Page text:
By Tzvi Zucker
Over five thousand Israeli Arabs are estimated to make the Hajj each year. This past year, 2200 Gazans also made the pilgrimage, according to the Palestinian Authority’s Ministry of the Interior. The Hajj, one of the five pillars of Islam, took place from October 3rd – 7th.
One of the biggest concerns regarding MERS (Middle Eastern Respiratory Syndrome) is the Hajj. Every year, millions of people stream into Saudi Arabia, on pilgrimage to Mecca. Each one of these people becomes a possible vector for the disease – if they contract it, they can spread it to everyone they come in contact with when they return home. From a virologist’s perspective, this is a nightmare, and the effects it can have on public health are frightening.
MERS is a relatively new disease, having recently evolved to be able to infect humans. Until now, the disease was found in camels and bats and it was first discovered in a Saudi Arabian man. It has since been reported in various locations but seems to be most present in Saudi Arabia, with over 688 cases reported there. The disease has a mortality rate of 40% – making it one of the most deadly in the world.
As part of their efforts to be prepared for the possibility of a MERS outbreak among Hajj participants, the Ministry of Health circulated an information packet and treatment guidelines to the healthcare system in Israel, a spokesperson told Tazpit News Agency. There have been no MERS cases reported in Israel to date.
Besides working to prevent contagion from the Hajj, “the Ministry of Health is cooperating with the Ministry of Agriculture in studying MERS exposure in animals,” the spokesperson told Tazpit News Agency.
The Ministry of Health was not the only agency to take steps against MERS. As part of the efforts to combat the spread of MERS into Israel from the Hajj, the office for Coordination of Government Activities in the Territories (COGAT) “placed signs in English, Hebrew, French and Arabic and handed out information pages at Erez Crossing, with information about MERS”, said a COGAT spokesperson to Tazpit News Agency.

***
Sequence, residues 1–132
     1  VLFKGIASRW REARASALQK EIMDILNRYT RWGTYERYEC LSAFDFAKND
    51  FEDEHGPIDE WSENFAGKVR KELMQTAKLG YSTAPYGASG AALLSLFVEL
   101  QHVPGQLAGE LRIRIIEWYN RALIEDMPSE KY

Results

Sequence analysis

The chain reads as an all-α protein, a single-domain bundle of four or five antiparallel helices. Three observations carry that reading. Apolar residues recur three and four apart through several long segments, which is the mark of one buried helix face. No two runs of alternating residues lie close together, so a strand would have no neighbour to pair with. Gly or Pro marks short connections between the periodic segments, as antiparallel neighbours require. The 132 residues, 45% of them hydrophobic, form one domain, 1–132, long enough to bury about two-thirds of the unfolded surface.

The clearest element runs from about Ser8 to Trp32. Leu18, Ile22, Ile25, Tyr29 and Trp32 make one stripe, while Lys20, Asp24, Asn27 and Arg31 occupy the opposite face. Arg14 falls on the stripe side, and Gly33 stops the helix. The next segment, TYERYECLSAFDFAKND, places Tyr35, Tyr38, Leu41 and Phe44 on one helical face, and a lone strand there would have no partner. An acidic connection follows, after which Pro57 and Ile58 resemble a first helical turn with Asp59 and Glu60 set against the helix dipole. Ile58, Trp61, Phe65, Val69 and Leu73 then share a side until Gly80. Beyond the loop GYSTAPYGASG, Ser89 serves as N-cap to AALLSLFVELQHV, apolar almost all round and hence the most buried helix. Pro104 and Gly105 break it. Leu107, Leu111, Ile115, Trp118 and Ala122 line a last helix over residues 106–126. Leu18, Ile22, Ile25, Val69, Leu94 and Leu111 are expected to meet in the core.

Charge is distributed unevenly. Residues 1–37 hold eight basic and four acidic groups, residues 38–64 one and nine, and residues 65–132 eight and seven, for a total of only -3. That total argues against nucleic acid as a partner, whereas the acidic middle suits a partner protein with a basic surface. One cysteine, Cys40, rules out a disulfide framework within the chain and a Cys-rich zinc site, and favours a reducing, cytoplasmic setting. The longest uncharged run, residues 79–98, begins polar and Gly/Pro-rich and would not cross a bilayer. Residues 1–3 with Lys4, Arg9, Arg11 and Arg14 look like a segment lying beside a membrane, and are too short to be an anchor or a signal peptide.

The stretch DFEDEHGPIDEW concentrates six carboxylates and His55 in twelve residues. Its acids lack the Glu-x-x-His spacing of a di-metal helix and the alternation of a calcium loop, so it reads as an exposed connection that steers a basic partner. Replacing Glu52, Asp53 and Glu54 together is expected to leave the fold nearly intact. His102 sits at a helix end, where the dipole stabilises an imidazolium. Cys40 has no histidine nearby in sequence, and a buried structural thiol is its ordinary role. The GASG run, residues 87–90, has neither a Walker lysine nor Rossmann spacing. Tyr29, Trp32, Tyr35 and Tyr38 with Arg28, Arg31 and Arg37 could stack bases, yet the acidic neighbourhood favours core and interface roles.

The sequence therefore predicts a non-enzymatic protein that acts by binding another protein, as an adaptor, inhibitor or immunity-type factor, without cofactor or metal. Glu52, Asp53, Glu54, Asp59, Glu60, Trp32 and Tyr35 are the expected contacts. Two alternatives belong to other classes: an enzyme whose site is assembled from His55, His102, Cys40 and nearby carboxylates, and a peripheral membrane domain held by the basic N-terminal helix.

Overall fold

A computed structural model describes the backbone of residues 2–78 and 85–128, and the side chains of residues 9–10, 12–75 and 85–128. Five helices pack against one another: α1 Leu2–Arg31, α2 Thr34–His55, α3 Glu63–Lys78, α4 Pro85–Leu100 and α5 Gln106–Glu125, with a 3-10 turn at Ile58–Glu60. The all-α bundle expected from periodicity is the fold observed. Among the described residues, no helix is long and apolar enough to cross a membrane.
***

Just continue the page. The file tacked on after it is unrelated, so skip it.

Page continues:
Besides MERS, the recent outbreak of Ebola in West Africa is also on the radar of Israeli health authorities.
Despite recent tensions, Israel and the Palestinian Authority are cooperating their efforts to prevent the Ebola virus from entering the region. Detection equipment was given to the Palestinian Authority, by COGAT, for use at the Allenby Border Crossing with Jordan and the Rafah Crossing between Gaza and Egypt. The equipment includes lab kits, hazmat protective suits, and a thermometer used to detect Ebola that can measure a person’s temperature without bodily contact.
Protocols and regular meetings to discuss the issue were agreed upon between the Coordinator of Government Activities in the Territories (COGAT) and the Palestinian Minister of Civilian Affairs. The Gaza Health Ministry will attend the meetings as well.
Palestinians suspected of being infected with Ebola will be sent to the hospital in Jericho. Lab samples will be sent from Jericho on to the World Health Organization.
From the Israeli perspective, besides being a potentially lifesaving measure for residents in Gaza, Judea, and Samaria, Israeli-Palestinian cooperation will also help prevent the spread of these diseases into Israel itself, keeping the public safe and healthy.
Tazpit News Agency